Associated Press

Buffalo's Gragg Giving Back To Arkansas

Former Arkansas tight end Chris Gragg, entering his fourth season with the NFL's Buffalo Bills, talks about an upcoming camp, his NFL career, his younger brother and current Razorback Will and what he sees for his old college program in 2016.

After finishing up a few OTAs with the Buffalo Bills earlier this week, former Arkansas tight end Chris Gragg turned his attention back home.

Gragg (6-3, 244), the former Warren standout about to enter his fourth season with the Bills, will host a one-day football camp in Dumas this Saturday in an effort to give back to the state that helped him get to where he is today.

Check in will be from 8-9 a.m. with the camp running until 1 p.m. and costing $20.

“This camp is something that I have been putting together since I got to the league because I always wanted to give back to the community and especially to the kids,” noted Gragg, the Bills’ seventh-round pick in the 2013 draft. 

“I want to give them somebody to look up to that was in the exact same position - a small-time Arkansas kid that did something in this game of football and took it all the way to the next level.

“It’s something that I have always wanted to do, something that me and my mom (Tenita Shannon Gragg) are putting together along with a few other people.”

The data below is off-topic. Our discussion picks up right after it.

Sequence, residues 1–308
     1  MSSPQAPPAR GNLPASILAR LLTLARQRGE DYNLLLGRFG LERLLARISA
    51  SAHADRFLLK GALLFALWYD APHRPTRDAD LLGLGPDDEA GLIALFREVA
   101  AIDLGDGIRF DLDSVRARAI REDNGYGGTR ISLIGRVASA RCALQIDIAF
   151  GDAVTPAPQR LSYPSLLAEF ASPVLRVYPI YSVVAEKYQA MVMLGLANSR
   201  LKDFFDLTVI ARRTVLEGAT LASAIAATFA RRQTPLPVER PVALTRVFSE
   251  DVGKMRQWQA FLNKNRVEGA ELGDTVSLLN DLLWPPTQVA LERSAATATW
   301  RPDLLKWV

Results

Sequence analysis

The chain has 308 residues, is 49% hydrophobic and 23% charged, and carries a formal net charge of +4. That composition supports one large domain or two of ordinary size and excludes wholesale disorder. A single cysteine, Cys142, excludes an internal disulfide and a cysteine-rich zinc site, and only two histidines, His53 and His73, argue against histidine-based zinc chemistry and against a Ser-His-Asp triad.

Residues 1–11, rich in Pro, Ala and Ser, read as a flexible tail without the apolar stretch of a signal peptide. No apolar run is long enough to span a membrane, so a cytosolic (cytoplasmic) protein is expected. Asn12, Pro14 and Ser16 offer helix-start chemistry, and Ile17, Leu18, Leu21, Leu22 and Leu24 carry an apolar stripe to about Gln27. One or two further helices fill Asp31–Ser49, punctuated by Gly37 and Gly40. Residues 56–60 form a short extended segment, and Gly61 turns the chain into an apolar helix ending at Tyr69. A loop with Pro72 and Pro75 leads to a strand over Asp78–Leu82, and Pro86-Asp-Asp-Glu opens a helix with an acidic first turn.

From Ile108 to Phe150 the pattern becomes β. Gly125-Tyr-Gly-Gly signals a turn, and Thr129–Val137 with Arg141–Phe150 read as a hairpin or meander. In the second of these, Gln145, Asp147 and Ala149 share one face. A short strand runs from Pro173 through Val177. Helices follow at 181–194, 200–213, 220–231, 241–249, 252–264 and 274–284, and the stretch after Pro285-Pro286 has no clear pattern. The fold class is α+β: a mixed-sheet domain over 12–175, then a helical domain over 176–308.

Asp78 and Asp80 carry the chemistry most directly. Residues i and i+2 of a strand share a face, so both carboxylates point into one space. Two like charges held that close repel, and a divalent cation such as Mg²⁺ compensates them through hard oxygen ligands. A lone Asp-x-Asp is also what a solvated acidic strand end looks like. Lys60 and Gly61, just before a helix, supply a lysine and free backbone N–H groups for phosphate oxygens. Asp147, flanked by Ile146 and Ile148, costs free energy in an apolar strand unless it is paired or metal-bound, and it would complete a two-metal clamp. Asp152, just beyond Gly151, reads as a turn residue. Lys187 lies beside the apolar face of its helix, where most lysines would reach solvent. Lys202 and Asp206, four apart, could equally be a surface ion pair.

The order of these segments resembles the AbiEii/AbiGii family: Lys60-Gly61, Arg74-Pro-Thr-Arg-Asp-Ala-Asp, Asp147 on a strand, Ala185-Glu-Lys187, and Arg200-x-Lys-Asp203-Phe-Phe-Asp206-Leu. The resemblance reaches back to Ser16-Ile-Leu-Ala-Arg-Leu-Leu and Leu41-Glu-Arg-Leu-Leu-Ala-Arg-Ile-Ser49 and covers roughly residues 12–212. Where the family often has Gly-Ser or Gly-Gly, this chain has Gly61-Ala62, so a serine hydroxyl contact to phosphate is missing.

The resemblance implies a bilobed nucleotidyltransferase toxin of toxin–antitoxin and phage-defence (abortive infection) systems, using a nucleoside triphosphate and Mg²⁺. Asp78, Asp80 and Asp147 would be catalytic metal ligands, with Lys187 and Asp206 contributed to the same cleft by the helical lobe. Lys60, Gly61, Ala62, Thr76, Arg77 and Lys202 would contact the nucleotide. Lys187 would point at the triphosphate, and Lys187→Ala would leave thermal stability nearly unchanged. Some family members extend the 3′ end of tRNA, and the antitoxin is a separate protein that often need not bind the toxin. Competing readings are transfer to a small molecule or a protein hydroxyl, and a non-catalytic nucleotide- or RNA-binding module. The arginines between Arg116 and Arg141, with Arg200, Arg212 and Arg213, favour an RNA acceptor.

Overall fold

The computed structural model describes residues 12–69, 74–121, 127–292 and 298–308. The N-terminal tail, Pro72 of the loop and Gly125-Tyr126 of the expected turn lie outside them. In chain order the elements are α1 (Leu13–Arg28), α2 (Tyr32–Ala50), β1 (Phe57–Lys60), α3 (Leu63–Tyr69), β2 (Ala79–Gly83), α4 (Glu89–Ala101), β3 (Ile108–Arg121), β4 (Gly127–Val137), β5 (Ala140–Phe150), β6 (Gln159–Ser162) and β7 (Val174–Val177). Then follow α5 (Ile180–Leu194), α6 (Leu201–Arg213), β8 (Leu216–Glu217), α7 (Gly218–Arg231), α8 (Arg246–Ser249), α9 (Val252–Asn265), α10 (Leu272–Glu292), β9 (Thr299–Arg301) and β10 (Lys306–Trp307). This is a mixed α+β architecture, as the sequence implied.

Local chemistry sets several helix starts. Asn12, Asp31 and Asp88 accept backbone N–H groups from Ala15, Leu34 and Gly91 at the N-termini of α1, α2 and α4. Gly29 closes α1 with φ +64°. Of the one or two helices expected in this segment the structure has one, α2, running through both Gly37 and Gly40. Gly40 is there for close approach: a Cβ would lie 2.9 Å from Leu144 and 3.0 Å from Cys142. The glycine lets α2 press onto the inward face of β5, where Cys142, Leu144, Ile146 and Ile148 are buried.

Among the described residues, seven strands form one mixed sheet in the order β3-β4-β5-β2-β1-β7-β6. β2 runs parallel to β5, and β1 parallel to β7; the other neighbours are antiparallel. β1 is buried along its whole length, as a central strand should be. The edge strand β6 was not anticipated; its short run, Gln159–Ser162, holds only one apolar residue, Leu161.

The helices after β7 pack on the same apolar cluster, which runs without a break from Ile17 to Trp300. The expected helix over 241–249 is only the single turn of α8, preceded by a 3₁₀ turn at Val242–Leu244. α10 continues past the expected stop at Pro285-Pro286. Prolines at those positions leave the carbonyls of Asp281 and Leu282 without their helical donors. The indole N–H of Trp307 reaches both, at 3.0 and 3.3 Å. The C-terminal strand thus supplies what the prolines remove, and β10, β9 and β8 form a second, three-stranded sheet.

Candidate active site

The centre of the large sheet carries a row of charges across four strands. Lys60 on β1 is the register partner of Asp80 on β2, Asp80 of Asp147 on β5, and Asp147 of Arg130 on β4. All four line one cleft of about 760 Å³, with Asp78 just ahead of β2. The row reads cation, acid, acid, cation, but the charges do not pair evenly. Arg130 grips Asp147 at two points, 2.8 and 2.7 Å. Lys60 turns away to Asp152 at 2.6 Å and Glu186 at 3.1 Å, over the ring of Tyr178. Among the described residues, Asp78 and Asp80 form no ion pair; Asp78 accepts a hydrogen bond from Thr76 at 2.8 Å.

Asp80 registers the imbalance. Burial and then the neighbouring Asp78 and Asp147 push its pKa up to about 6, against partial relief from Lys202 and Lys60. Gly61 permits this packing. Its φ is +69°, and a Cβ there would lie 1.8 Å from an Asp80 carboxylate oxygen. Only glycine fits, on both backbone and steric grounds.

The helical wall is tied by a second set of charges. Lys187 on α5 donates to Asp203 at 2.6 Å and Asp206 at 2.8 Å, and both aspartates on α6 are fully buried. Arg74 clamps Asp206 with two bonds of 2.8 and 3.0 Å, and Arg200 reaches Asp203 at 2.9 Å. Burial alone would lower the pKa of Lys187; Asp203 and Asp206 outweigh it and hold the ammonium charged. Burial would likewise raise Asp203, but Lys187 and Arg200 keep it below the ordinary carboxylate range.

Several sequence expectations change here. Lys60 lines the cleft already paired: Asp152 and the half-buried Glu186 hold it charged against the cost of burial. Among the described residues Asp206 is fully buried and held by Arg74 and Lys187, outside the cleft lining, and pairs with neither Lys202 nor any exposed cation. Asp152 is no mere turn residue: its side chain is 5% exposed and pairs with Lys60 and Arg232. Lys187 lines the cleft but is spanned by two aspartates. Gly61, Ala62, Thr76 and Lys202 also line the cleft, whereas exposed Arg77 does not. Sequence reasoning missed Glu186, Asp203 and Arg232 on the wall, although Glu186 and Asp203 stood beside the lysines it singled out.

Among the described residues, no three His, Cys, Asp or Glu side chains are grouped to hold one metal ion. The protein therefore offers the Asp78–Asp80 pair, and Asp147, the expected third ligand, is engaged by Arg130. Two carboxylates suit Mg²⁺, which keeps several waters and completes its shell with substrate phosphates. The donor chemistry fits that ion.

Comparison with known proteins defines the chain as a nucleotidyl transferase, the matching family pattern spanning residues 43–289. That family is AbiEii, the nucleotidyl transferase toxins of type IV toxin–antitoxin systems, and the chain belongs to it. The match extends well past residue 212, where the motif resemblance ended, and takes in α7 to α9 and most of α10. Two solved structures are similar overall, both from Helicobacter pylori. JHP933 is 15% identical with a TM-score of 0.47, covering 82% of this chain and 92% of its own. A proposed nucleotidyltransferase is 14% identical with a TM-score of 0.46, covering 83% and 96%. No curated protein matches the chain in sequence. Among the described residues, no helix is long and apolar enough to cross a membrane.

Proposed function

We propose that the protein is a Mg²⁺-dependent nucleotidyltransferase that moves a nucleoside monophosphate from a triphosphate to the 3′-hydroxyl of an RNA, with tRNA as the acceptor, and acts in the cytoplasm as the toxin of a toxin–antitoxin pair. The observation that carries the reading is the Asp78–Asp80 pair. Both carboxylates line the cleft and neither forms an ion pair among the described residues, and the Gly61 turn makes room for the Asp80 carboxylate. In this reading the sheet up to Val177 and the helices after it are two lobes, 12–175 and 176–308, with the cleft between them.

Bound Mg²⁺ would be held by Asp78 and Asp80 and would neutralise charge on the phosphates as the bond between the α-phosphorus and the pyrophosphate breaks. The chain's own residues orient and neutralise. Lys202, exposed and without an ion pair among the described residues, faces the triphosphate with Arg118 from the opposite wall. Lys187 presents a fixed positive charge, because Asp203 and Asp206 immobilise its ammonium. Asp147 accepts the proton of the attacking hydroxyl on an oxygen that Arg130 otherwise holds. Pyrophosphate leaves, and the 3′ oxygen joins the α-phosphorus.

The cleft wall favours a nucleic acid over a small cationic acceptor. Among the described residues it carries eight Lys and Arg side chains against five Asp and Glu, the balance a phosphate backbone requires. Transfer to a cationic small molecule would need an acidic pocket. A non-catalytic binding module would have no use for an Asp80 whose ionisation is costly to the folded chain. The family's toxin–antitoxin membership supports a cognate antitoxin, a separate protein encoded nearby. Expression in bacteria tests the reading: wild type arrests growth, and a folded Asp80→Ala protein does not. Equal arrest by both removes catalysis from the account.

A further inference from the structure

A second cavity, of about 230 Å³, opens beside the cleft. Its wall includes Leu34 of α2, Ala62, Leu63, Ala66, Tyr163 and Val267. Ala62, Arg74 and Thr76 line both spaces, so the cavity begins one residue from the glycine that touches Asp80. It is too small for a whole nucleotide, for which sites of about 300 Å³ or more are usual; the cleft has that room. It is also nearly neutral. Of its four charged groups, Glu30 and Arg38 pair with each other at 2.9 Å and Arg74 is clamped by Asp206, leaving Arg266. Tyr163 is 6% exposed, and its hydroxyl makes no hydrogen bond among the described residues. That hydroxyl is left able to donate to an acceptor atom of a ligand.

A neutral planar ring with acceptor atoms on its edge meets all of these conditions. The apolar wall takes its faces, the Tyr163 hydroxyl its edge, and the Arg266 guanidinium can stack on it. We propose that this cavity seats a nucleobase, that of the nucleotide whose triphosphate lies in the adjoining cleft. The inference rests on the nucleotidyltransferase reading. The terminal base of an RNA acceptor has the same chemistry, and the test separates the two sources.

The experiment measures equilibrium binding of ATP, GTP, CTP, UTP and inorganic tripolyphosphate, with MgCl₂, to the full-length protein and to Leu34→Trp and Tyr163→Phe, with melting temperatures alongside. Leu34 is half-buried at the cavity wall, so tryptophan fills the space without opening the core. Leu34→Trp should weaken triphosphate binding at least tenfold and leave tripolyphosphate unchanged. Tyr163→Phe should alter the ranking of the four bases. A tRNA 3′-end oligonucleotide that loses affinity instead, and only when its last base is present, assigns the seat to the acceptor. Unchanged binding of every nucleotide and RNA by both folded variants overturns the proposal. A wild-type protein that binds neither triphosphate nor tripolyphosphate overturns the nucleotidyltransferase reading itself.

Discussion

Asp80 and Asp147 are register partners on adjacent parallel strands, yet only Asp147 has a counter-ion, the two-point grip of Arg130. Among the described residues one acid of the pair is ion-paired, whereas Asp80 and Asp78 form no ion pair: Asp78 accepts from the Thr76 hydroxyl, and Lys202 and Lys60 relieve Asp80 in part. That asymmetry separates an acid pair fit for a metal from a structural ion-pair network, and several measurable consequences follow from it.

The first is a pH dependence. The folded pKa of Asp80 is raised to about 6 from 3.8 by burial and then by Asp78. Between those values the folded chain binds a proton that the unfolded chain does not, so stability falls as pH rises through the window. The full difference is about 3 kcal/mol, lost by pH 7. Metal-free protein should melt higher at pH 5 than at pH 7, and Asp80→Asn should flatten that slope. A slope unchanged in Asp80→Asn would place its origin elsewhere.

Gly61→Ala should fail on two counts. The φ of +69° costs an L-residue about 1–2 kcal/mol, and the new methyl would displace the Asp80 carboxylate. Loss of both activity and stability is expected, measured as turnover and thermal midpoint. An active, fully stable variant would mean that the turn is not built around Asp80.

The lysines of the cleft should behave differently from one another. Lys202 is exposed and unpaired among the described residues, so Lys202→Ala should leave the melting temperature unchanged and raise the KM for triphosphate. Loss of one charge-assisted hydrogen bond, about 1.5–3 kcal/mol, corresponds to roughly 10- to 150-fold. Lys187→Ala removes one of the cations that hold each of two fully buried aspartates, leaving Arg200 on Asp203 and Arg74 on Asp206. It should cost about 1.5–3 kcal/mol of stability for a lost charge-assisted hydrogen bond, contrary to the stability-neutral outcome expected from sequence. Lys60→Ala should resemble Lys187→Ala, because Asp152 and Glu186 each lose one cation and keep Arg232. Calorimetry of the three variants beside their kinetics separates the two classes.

https://twitter.com/Gragg80/status/732703813019262976

The NFL does help out its players if they want to have camps, but Gragg - who has 29 catches for 251 yards and two touchdowns in his young NFL career - wanted to do this one on his own.

“I didn’t use the NFL this time even though they do camps like this and help bring people in, but I wanted it to be a real hands-on feel and wanted to have people that I know working it,” Gragg said. “I am hoping it will be a success.

“There will be stretching, a lot of agility drills, combine set ups and then some seven-on-seven games.”

Gragg, who had a chance to see several Arkansas practices this spring, has played in 32 games the last three seasons with the Bills while starting 10, including the last four last season.

Rex Ryan took over the Bills before last season and led them to a 8-8 record and just missed out on a playoff berth.

“I had a whole new offensive staff and it was a hard learning curve at first, especially with our new offensive coordinator (Greg Roman), who is very meticulous,” Gragg said. “There was a lot of new lingo and a lot of concepts.

“We finished the year pretty good. We led the league in rushing. I ended up having probably my best year both blocking and catching the ball (12 catches, 150 yards).

“I played with another Arkansan in (former Little Rock Central and Tulsa star) Charles Clay, who was our starting tight end and once he was injured I filled in and started the last five games and I don’t think there was any drop off.”

Ryan has brought his brother Robb over as defensive coordinator to try and shore up that side of the ball.